Das Problem der falschen Absicherung in Schwellenländern

LONDON – Im letzten Jahrzehnt waren Amerikas expansive Geldpolitik und Chinas schnelles Wachstum die beiden wichtigsten Triebfedern der globalen Finanzflüsse. Derzeit werden beide Dynamiken umgekehrt, was zu neuen Risiken für die globale Wirtschaft führt – vor allem für Schwellenländer. Ob sie diese Veränderungen bewältigen können, wird davon abhängen, ob sie sich ausreichend gegen die richtigen Risiken abgesichert haben.

Nach der Asien-Krise in den späten 1990er Jahren begannen die aufstrebenden Volkswirtschaften damit, massive Devisenreserven anzulegen, um sich gegen die Risiken einer externen Überschuldung abzusichern. Tatsächlich häuften sie wesentlich mehr an, als sie benötigten – 6,5 Billionen US-Dollar bei der letzten Zählung –, wodurch sie sich effektiv gegen externe Zahlungsbilanzschocks überversicherten.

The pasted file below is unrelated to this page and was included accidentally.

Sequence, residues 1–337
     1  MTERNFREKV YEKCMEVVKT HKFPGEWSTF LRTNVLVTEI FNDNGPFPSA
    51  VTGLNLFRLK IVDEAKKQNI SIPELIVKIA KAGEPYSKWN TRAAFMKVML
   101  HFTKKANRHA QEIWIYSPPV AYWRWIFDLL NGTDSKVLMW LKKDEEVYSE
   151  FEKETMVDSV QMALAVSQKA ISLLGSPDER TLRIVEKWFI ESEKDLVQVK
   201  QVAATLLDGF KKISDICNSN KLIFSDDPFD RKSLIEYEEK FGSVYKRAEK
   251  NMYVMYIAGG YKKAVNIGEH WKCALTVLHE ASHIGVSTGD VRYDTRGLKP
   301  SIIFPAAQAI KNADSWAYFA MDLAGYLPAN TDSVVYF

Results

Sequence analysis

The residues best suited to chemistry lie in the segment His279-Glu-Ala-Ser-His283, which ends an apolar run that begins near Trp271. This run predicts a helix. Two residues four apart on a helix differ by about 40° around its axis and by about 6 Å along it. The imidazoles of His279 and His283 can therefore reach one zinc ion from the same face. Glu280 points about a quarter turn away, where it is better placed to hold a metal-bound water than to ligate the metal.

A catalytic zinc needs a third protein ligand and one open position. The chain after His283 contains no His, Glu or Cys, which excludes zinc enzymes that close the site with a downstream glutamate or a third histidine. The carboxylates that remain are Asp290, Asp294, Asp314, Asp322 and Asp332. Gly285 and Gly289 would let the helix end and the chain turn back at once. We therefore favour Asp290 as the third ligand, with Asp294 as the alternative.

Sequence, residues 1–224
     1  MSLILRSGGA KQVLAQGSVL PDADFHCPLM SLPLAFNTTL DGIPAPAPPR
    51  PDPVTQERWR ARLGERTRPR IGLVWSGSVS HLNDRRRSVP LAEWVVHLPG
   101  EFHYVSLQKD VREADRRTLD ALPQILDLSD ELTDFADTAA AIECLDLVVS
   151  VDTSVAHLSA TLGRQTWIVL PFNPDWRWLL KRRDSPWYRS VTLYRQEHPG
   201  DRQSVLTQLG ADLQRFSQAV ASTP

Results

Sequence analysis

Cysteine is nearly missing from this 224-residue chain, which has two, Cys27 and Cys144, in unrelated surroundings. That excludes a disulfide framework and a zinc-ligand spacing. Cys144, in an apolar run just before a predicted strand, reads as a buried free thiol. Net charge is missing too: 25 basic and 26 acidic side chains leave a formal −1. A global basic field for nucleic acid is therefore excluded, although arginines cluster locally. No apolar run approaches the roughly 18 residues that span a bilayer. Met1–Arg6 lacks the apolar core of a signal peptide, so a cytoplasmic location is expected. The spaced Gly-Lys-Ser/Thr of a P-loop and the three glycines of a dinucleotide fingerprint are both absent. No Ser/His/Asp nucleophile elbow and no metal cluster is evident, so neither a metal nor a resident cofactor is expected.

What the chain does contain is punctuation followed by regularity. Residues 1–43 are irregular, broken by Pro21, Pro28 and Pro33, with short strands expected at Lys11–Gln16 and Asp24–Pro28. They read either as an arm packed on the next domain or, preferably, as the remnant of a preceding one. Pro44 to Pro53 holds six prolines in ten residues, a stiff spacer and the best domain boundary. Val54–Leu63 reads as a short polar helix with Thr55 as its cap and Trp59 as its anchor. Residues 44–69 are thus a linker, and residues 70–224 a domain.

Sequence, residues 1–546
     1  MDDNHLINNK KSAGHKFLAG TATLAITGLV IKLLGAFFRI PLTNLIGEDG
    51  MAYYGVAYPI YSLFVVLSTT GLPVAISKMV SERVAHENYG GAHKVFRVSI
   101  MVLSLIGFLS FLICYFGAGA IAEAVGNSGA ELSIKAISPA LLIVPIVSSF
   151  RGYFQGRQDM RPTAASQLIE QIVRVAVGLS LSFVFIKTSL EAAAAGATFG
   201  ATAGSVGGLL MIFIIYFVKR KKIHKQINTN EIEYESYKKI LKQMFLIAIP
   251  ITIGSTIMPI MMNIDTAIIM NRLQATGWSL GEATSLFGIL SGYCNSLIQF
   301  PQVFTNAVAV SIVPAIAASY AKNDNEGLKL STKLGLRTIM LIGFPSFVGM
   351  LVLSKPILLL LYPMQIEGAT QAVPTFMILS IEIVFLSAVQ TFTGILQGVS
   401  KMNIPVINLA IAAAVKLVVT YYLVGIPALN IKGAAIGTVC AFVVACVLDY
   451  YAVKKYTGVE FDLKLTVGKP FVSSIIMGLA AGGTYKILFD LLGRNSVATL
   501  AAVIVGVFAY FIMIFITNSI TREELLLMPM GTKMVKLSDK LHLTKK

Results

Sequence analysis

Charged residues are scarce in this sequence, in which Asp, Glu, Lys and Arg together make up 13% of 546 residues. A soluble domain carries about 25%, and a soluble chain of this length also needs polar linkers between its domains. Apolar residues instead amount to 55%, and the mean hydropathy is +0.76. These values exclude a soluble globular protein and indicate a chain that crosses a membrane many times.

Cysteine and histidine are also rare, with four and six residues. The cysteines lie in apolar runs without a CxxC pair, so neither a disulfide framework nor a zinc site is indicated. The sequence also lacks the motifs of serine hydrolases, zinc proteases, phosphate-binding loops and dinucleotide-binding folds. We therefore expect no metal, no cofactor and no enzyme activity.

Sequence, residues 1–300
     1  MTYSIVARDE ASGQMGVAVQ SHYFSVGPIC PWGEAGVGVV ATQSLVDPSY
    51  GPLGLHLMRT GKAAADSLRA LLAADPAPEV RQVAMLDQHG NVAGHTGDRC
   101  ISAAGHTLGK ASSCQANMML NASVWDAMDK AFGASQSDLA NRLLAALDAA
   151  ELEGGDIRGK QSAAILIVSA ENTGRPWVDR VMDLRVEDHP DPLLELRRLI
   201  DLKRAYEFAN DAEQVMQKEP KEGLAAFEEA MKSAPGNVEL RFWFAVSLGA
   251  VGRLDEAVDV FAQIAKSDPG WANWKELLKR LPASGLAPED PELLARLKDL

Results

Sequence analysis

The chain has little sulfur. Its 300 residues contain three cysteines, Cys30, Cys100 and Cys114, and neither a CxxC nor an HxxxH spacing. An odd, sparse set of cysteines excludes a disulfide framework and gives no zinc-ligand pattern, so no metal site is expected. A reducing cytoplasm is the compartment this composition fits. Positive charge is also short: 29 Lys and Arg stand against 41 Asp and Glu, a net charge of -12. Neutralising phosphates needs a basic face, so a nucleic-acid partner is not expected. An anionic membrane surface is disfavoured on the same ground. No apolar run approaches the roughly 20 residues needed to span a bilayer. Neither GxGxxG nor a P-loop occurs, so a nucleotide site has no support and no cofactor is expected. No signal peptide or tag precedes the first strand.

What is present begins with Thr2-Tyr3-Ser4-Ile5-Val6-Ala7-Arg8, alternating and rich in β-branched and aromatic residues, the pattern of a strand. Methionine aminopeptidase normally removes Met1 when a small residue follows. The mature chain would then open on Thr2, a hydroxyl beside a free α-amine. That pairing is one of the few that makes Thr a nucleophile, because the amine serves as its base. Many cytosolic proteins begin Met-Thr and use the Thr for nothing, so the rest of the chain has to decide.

Dagegen reicht ihre Absicherung gegen inländische Kreditrisiken nach wie vor nicht aus – die heute größte Gefahr für aufstrebende Volkswirtschaften. Nach dem Ausbruch der globalen Finanzkrise 2008 fielen die Zinssätze, was zu Kreditbooms im privaten Sektor in vielen großen Schwellenmärkten führte, darunter Brasilien, Indien, Indonesien und die Türkei.

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